Tuesday, October 09, 2007

Where Has All the Oil Gone? (Wall Street Journal)
A Quest for Energy in the Globe's Remote Places
"There are no easy barrels left."
"[T]he world’s fast-rising use of fossil fuels, by contributing to global warming, could eventually make the Arctic more accessible for oil and gas production."

Belgian Court Reportedly Reopens Case Against Total in Myanmar
Myanmar is the latest in a series of conflicts that appear to be about democracy and oppression but are really about oil. Not that the oppression isn't real; just that world censure is selective.

Kurds Reach New Oil Deals, Straining Ties with Baghdad
The tri-partite division of Iraq -Kurdish in the North, Sunni in the middle and Shia in the South - proceeds according to FTW prediction and Neocon plan.

Nuclear Industry Gets Burst of Energy: GAO Report
Equatorial Guinea Energy Profile
U.S. Called Lax at Handling Bio Hazards
Marshals Arrest NH Tax Evaders
What would the late Aaron Russo have said about this? Perhaps the couple in question (and now in custody) were inspired by his movie.
Pataki Named to Global Warming Task Force
Fall of the Consumer Economy
All That Glisters [sic] May Not Be Gold

At Least Someone Has Energy To Burn: Man Circumnavigates Globe on Own Power
We may all need to take a leaf from his book and a deep breath.


Per Fagereng said...

In the oil deal between the Kurds and four oil companies, the NY Times says the government will get 85 percent of profits and the companies 15. This is at variance with predictions of those opposing Iraq's oil law. Does this mean that the multi-nationals are backing away from a large-scale oil grab?

Rice Farmer said...

One wonders how much capacity OPEC really has. Last year OPEC said that about $60/b is an appropriate price for oil. If so, why have they allowed it to rise above $80, while announcing a piddling 500,000 bd production increase? Does OPEC really have the 2 mbd spare production capacity that it claims to have?

A related question is: What's with all these idle tankers?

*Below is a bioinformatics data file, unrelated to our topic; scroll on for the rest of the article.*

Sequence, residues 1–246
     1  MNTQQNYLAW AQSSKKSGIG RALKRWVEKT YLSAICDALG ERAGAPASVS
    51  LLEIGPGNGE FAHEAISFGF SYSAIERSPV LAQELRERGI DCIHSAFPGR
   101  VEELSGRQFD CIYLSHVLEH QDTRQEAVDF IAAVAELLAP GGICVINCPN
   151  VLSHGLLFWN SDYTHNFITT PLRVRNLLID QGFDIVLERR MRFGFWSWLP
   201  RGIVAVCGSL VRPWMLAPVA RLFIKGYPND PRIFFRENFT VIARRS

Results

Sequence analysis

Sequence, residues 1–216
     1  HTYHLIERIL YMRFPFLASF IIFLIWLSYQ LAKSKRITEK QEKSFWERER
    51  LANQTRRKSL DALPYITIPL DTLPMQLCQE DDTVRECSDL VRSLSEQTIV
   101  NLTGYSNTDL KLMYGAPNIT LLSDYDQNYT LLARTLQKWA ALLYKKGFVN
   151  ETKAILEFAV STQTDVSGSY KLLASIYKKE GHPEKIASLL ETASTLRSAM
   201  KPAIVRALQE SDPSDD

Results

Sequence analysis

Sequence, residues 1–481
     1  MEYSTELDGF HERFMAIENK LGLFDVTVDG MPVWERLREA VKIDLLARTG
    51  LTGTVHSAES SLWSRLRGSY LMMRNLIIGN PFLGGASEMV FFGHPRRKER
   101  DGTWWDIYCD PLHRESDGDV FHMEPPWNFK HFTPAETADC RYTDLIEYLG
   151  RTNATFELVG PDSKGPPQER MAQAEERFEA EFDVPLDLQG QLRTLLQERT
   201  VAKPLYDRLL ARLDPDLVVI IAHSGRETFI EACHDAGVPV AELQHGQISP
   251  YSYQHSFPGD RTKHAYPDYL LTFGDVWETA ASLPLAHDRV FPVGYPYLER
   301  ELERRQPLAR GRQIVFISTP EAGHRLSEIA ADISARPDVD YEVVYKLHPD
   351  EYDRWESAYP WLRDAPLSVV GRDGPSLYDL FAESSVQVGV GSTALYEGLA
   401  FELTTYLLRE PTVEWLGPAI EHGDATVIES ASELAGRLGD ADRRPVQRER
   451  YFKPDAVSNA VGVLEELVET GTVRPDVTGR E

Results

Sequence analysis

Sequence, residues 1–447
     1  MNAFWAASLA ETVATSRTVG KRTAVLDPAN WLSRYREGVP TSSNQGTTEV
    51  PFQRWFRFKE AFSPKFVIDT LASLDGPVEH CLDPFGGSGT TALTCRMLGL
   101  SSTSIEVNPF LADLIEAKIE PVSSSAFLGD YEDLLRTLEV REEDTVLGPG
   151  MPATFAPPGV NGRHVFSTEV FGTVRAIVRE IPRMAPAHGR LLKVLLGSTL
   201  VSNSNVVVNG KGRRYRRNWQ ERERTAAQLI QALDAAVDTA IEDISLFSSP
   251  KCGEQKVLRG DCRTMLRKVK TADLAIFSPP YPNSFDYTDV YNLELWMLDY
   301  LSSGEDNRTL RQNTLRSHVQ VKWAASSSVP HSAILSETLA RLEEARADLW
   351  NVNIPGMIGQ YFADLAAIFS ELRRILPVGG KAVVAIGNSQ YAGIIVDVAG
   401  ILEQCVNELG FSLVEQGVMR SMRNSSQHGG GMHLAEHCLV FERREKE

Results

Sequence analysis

Rice Farmer said...

Today's media ran stories about La Nina, noting that usually this means a hard winter for Japan. Hokkaido just got its first snow, which is more or less "on time." Last year we had a warm winter, and kerosene (used for space heating here) prices were tolerable. But the winter before that was cold, steadily driving up the price of kerosene and finally inducing the government to import kerosene from South Korea to flood the market and stabilize the price. The public was screaming bloody murder about the cost of space heating. Either way, I have put away lots of firewood.

Anonymous said...

Medical books - FTW has suggested the book "Where There is No Doctor" from the Hesperian Foundation (which can be purchased or downloaded free as pdf files) for some time. There are more books available from them now. "Where the is No Dentist" and "Women Where There is No Doctor" among them. Also available in Spanish.

And, remembering Anne Scott's story of her emergency situation with her dog (August 09 post on this blog), pet owners can buy "Dog First Aid", which comes with an instructional DVD, from the American Red Cross. They promise to come out with Cat First Aid sometime this month.

While we're at it, how about taking a first aid and CPR certification course.

Health is your most valuable asset. Knowledge your best investment.

Anonymous said...

Europe feel the bite of dollar plummit.


Tyler Havlin said...

Only a fool would bomb Iran.


Rice Farmer said...

"Where There is No Doctor" reminds me of a big social controversy here in Japan right now: the shortage of doctors. My wife (a nurse) has the same lament. In fact, there are considerably fewer places for women to give birth now.

There has been talk for some time of bringing in nurses from the Philippines, but the language barrier is a considerable impediment. Foreign nurses speaking broken English would be worse than useless here. At any rate, once the economy degrades to a certain point, foreign workers will be quite unwelcome.

On a different topic, Robert Rapier at R-Squared Energy Blog was asking for questions from readers, and I asked about the ethanol industry.

Tyler Havlin said...

Canadian Natural Gas Output to Plummet


Rice Farmer said...

Canadian natural gas output -- At first glance it appears that there's more than enough natural gas, so producers stop drilling because the price is too low. But after looking around a bit, it seems that the market glut is just seasonal, and that the royalty situation and gas field depletion are behind the drilling slowdown, which could well have disastrous consequences in the near future.